I Just Make People Up: Ramblings with Clark Walker

Foster Dickson’s I Just Make People Up: Ramblings with Clark Walker is available from NewSouth Books in two editions: a standard edition for $45 or a signed, numbered edition for $75. Foster is available for book signings and for talks about Walker, his art, and his influence.

From the publisher’s description:

The life and work of painter Clark Walker have had their effects on Montgomery, Alabama. Based on a series of conversations with Foster Dickson when the two men were neighbors, this book uses Walker’s life and art as prisms to look at creativity, relationships, the ways of seeing, the nature of community, and the meaning of everything. 

From the Alabama Writers Forum’s review of the book:

This is a gorgeous coffee table book. Elegantly square, not the most comfortable shape to hold, it might be more perused than read—which would be a shame, as Foster Dickson’s narrative biography of Clark Walker is a triumph of the as-told-to style of writing.

To contact Foster Dickson about this title, use the form below:

Alabama’s Bicentennial Celebration

During the years 2017, 2018, and 2019, the State of Alabama will be celebrating its Bicentennial. The reason for the three-year span of time is simple: the Alabama Territory was created out of the larger Mississippi Territory on August 15, 1817, and Alabama became a state on December 14, 1819.  The celebration is being divided into topical sections: 2017 is the year for “Discovering Our Places,” 2018 will be the year for “Honoring Our People,” and 2019 will be the year for “Sharing Our Stories.”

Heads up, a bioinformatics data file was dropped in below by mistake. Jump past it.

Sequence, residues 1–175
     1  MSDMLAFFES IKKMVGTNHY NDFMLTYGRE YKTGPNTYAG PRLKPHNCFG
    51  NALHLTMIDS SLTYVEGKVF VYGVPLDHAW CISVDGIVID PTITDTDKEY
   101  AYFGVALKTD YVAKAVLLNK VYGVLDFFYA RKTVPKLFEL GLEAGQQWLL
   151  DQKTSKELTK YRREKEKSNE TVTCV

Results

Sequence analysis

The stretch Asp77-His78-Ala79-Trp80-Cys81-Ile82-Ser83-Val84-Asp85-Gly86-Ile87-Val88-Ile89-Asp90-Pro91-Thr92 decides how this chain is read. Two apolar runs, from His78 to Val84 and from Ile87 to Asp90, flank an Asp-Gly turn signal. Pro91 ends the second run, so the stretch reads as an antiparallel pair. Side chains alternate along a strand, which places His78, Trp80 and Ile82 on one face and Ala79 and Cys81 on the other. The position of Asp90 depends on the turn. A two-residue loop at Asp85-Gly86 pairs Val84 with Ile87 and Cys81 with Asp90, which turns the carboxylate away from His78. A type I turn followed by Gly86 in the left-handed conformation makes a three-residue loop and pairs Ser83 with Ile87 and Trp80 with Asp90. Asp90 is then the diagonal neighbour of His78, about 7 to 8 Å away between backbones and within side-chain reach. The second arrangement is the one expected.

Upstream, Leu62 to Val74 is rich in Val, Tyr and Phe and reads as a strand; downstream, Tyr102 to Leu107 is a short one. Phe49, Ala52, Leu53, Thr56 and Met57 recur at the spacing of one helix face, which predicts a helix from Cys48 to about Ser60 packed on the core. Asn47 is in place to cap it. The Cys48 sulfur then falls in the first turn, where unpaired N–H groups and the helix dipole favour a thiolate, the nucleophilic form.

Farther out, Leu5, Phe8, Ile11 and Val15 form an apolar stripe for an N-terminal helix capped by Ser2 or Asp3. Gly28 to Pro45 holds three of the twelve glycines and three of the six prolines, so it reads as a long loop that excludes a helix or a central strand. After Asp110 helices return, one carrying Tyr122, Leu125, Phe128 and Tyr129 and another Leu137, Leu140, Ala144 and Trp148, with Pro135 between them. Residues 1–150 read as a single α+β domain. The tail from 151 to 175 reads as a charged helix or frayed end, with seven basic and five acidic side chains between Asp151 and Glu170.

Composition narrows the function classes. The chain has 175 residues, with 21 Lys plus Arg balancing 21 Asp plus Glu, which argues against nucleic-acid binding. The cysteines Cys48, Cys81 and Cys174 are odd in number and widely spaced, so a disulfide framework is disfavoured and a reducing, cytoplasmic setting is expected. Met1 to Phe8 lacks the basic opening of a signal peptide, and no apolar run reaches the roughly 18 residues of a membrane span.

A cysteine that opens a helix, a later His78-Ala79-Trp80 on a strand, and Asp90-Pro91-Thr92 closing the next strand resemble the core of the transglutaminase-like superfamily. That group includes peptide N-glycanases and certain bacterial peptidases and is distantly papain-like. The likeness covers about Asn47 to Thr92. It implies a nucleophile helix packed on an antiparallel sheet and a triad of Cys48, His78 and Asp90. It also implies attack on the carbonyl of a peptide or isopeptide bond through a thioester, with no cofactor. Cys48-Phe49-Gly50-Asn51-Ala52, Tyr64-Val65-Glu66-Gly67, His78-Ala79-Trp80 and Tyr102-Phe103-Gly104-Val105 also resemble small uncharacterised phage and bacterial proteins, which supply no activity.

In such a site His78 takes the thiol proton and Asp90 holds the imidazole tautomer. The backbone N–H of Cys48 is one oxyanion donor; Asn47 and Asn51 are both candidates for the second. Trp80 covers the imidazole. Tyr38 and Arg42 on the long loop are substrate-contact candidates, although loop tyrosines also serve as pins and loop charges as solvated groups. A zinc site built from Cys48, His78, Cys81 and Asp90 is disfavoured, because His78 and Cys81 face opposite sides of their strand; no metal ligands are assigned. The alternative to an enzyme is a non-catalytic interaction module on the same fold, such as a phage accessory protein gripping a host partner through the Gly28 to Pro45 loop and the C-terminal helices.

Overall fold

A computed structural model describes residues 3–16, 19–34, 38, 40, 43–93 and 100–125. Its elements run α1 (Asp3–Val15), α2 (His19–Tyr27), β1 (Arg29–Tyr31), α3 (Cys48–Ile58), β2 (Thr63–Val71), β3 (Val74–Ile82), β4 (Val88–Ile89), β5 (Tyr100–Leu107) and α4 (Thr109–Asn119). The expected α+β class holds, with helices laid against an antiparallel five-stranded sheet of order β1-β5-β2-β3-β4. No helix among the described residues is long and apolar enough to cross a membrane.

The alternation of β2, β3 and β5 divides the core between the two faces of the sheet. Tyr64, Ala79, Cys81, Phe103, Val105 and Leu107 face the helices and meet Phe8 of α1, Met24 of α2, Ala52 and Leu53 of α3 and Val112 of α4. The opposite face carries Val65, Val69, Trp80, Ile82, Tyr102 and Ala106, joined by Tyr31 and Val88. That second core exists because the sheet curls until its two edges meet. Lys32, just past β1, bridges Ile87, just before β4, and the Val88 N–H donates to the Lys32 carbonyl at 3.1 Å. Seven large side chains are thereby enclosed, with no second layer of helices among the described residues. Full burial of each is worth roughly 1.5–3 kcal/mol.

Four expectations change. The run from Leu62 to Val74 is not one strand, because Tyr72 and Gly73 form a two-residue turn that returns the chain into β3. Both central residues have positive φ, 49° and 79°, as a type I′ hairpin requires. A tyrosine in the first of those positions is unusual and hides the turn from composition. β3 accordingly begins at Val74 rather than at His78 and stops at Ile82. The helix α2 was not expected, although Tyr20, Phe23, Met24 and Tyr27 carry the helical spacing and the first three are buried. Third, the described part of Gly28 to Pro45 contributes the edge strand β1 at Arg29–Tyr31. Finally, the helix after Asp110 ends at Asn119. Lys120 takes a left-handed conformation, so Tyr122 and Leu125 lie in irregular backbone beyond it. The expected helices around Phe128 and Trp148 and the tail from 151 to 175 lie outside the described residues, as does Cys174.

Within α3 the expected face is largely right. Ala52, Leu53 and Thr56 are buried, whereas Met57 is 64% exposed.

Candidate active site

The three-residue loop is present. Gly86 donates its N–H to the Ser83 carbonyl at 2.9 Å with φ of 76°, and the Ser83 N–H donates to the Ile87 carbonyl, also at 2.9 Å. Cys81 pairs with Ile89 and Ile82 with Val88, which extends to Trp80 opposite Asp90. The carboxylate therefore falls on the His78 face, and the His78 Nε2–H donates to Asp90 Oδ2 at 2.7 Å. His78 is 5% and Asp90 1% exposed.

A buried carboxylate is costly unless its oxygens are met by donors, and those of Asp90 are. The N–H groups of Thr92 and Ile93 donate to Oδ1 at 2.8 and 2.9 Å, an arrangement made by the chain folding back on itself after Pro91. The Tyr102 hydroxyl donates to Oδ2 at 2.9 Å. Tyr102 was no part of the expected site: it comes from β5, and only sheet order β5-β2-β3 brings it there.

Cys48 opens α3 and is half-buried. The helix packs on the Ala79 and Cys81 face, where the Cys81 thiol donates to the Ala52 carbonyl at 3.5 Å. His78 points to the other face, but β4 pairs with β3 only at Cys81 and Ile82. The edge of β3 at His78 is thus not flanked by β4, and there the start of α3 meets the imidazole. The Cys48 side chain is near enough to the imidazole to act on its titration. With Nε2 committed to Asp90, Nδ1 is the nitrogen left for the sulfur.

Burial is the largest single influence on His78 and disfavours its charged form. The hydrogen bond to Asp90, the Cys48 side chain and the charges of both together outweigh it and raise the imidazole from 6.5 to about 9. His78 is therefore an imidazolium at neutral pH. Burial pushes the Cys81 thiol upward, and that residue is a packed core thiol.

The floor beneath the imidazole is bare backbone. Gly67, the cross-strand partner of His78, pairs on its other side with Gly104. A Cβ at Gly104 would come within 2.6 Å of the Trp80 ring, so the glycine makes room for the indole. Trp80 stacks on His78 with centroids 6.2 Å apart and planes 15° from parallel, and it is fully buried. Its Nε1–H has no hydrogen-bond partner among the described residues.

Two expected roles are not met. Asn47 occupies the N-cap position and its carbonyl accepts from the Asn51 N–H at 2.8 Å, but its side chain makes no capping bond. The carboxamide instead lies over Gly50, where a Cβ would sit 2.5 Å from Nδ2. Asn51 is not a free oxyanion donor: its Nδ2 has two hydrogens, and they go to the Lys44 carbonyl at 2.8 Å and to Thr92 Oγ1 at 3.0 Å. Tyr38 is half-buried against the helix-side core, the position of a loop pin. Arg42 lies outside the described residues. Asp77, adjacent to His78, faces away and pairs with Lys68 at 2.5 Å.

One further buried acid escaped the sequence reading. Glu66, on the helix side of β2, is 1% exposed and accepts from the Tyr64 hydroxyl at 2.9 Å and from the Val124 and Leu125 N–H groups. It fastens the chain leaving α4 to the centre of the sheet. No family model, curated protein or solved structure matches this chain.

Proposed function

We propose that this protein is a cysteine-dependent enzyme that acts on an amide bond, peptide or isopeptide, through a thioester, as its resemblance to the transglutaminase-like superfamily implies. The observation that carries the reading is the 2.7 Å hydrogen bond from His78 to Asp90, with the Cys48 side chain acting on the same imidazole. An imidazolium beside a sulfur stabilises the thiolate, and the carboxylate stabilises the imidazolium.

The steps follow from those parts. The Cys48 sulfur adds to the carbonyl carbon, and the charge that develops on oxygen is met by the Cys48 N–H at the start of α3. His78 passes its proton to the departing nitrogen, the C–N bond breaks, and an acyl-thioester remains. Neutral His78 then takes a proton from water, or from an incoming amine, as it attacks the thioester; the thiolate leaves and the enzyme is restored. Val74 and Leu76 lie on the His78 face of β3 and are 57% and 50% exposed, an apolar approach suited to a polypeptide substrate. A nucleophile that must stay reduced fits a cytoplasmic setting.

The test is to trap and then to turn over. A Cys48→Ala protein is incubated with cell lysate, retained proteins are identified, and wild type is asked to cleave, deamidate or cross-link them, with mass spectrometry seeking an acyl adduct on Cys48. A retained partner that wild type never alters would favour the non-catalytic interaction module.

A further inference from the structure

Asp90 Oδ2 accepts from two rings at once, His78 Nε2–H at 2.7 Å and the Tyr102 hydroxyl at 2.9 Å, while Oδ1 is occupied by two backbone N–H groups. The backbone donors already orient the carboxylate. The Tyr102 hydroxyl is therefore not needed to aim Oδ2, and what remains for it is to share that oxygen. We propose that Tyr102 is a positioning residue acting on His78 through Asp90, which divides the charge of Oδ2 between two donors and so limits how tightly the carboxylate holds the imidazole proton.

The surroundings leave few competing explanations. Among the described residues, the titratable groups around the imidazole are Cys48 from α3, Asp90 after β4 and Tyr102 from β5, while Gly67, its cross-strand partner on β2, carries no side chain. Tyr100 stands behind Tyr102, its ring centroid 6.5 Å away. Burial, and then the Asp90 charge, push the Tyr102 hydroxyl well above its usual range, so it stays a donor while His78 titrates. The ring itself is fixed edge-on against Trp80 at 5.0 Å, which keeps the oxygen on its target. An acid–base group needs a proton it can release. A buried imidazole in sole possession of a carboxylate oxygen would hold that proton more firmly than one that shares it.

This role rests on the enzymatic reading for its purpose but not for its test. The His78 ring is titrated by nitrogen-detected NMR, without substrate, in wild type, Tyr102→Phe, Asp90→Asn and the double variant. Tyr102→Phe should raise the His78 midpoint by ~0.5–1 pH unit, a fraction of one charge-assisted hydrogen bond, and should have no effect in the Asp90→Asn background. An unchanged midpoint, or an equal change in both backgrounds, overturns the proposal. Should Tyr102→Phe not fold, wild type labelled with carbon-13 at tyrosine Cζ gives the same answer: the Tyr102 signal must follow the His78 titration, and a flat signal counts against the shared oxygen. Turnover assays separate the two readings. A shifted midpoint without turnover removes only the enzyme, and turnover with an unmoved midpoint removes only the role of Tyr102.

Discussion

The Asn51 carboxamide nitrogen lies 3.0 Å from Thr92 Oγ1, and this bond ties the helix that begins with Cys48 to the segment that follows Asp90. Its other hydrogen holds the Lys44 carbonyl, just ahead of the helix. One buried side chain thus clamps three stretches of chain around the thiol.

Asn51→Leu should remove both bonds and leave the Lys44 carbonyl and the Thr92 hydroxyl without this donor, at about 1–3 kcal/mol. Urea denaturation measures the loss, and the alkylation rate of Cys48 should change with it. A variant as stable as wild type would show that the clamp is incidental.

Though I’m not directly involved in the Bicentennial, I’ve been pleased to do some on work on the fringes: having led a teacher workshop last April, having observed at the Gathering Year event in Pintlala, and last week having attended a meeting for arts educators at the Archives & History.  Later this month, I’ll be the master teacher for the Alabama Humanities Foundation SUPER Teacher institute, Sense of Place: Depictions of Alabama in History and Fiction, and in the fall, another teacher and I are planning another Gathering Year event at our school.

No matter where I’ve been or who I’ve been talking to, the same sentiment has been repeated: this Bicentennial is for all Alabamians. It isn’t about spending three years planning one big party in December 2019 for the state’s 200th birthday. It is about helping people both inside and outside the state to recognize Alabama’s value and significance, its truths (good and bad) and its legacy, its past, its present, and perhaps most importantly, its potential in the future.